Being Involved as an Emory Freshman from Day 1
What is the Student Activities Fair About?
I have to tell you, the most stressful part of the “starting college at Emory” journey for me was probably the student activities fair on the first day of school. There is truly nothing like a huge field lined with tables, tents, and students bombarding you with fliers, candy, and e-mail lists to remind you just how large and inconceivable college seems to be. After the stress of signing up for intramural basketball (it should be noted that I can’t play sports) and to audition for an a cappella group (it should be noted that I can’t sing), I reached the Student Programming Council (SPC) table. When I put my name on the sign up list, I had no idea that I had just found the perfect place on campus for me! SPC is a student-run organization whose mission is to enrich the Emory community by providing a variety of quality entertainment for the entire university, making the Emory experience both enjoyable and memorable. I help to plan and execute SPC events open to the Emory community!
If you had told me on day one when I got to Emory that I would be setting up green rooms for huge artists such as Timeflies and The Chainsmokers, ordering hundreds of beanies online to hand out to students, jumping on the bubble wrapped covered Asbury Circle for hours, or dancing in the middle of the Cox Hall bridge to encourage my peers to come to a trivia night, I would not have believed you. However, amongst this jumble of bubble wrap, ridiculous dance moves, and winter apparel I was able to truly find my place here at Emory.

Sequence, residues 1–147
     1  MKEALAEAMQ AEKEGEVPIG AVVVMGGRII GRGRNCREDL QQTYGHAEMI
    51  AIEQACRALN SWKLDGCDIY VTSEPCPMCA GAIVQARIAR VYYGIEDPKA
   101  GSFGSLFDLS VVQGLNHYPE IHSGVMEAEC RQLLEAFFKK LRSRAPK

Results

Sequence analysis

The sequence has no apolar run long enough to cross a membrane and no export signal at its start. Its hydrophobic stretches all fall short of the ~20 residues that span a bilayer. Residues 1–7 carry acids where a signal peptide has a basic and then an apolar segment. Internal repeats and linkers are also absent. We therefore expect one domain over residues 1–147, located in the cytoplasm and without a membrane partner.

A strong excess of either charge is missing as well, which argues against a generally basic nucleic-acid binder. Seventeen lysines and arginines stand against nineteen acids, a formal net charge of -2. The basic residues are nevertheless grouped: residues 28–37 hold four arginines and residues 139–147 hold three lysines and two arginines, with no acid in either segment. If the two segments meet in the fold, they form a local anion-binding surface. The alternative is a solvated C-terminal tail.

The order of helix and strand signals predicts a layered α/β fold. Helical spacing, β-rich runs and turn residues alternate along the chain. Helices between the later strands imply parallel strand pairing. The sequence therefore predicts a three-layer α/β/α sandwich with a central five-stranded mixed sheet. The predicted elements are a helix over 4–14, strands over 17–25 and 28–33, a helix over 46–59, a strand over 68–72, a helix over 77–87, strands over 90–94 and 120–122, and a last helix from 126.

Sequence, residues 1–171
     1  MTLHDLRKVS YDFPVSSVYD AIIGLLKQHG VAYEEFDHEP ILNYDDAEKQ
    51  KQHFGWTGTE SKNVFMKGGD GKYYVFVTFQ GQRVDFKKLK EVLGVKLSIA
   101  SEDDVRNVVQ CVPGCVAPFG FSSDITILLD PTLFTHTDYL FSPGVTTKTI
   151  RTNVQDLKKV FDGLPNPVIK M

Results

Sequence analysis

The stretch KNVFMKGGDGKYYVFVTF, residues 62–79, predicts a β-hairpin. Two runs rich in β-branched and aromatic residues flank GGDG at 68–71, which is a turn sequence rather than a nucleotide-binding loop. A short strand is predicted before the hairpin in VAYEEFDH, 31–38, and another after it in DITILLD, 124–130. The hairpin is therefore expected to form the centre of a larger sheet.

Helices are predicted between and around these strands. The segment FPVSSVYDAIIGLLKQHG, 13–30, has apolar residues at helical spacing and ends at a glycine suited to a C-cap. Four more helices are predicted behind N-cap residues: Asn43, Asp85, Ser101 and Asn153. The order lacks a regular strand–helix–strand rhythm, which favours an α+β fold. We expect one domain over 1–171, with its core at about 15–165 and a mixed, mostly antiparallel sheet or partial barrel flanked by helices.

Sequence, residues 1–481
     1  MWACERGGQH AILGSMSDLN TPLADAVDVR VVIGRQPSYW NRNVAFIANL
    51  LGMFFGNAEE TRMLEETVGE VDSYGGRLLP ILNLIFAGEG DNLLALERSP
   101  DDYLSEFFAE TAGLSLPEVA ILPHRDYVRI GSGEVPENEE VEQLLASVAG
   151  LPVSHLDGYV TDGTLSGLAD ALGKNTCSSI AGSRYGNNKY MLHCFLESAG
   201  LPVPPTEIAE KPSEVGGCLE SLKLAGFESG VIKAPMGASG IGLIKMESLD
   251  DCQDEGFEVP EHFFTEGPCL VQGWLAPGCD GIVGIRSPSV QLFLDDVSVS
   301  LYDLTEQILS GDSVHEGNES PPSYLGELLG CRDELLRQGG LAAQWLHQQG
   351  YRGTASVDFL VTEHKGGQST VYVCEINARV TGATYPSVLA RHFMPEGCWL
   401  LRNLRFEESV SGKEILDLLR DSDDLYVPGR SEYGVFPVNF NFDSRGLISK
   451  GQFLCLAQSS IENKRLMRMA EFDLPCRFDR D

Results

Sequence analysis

The forty or so members of Student Programming Council have quickly become another family for me on campus, and their passion to bring fun to the Emory Community in as many creative ways as possible is what made it so easy for me to feel a part of it all. This same passion is universal across all campus organizations, and is present in every single Emory student. It’s what gives any new freshman that walks onto campus a place in the community, as everyone is so excited to expand their enthusiasm and excitement for what they are passionate about beyond themselves in any way possible.
So, if you have the opportunity to step onto that field on the first day of school lined with tables, tents, and students, and you are bombarded with fliers, candy, and e-mail lists, don’t turn them way. I am so glad I didn’t, as I cannot imagine what my first year at Emory would have been like without the beanies, the bubble wrap, the awkward dancing in public, or my SPC family.